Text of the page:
EDITORIAL: Loyola needs to serve its Latine Students

One out of five Loyola students is Hispanic/Latine, while only 16 out of 280 full-time faculty members fit the same demographic.
Why are White professors teaching classes about people of color and their experiences? Students should be able to see professors that look like them. It’s unjustifiable that students can complete four years at Loyola and never have a Latine professor.

Loyola is set to become a Hispanic-serving Institution, which allows the university to apply for additional federal funding. It requires that the student body is 25% Hispanic/Latine. Now, 19% of the student body identifies as Hispanic/Latine, but Loyola plans to recruit more students in the next three years to grow this population.

78% of tenured professors and 83% of full-time faculty members are White. This creates a classroom dynamic that prioritizes White opinions and perspectives, leaving students of color in the dust. When the classroom is led by White professors, it puts the responsibility on students of color to facilitate conversations about their identities and educate their peers and professors.

Though federal grant money can’t go towards recurring costs like hiring faculty, Loyola needs to set aside money for creating positions for Latine/Hispanic professors.

Loyola also needs to hire Latine mental health professionals and advisors that can directly address students’ concerns. Students of color should have access to mental health services where they don’t have to explain or justify their identities to White professionals.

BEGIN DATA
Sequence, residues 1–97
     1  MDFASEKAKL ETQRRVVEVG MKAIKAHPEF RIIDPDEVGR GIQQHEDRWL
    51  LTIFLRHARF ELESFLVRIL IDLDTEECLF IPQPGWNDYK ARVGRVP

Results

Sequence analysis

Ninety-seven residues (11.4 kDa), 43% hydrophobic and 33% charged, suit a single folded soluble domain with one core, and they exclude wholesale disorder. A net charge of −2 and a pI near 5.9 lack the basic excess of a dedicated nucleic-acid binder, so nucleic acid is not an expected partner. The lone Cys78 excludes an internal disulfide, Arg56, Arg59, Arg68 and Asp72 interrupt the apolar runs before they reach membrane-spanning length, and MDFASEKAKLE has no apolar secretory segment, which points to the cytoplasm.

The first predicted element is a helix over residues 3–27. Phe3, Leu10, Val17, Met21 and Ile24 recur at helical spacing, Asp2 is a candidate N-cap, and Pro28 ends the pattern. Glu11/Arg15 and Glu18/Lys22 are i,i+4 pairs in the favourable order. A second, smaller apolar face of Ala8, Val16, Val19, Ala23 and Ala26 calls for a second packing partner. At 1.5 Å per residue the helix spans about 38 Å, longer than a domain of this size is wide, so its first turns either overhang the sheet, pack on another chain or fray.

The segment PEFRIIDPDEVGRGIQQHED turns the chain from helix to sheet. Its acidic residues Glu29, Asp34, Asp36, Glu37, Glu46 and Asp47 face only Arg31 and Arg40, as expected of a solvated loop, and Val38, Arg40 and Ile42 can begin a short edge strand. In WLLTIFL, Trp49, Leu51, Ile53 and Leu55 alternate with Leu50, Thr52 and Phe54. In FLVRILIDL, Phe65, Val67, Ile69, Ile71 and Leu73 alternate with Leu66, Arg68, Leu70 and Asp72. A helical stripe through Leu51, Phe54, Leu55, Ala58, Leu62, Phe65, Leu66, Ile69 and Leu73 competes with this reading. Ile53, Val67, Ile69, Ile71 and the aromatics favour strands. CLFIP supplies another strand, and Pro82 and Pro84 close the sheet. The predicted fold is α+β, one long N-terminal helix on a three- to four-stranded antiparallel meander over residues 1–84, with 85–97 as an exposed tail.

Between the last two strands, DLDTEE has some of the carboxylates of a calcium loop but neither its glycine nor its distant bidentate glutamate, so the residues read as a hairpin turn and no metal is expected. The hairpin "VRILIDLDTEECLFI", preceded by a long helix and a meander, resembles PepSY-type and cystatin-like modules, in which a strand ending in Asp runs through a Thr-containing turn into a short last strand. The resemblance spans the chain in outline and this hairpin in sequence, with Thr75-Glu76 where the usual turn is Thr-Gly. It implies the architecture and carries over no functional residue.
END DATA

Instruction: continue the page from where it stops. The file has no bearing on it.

The university depends on Latine students to create inclusive communities, but it’s time to take a more active role in supporting them. Student-led organizations, Hispanic Music Appreciation and Organization of Latin American Students, are the two spaces on campus that feature Latine voices. While it’s great that students have built their own communities, it shouldn’t be their responsibility. Students shouldn’t have to go out of their way to find places at Loyola that allow them to celebrate their identities.

While autonomy and freedom of expression are important, so are institutional support and funding. Students shouldn’t be expected to curate an inclusive environment. Loyola needs to play an active role in creating spaces that center Latine students and their experiences.

Loyola needs to ask students what they want, and they need to listen to them. In order to foster an environment of honest communication that allows criticism, the university should create a forum where Hispanic/Latine students can speak out. There should also be a diversity and inclusion representative that makes sure students’ demands are acted upon, not just heard. Equity goes beyond creating scholarships and establishing an SGA branch.

Latine students deserve to feel like they have a home away from home at Loyola. They deserve a university-funded physical space dedicated to them that provides access to resources within the city. They deserve more than club allocations and student-led panels. The university needs to set aside a budget and find a space on campus where Latine students can congregate and find a shared community. While the university is creating a multicultural center, Hispanic /Latine students need an area just for themselves.

The national four-year graduation rate for Latine students is 16%, compared to 36% of White students. Loyola needs to be on the other side of this statistic. It’s time the university stops using their students just as a way to get more federal funding and instead supports them as individuals.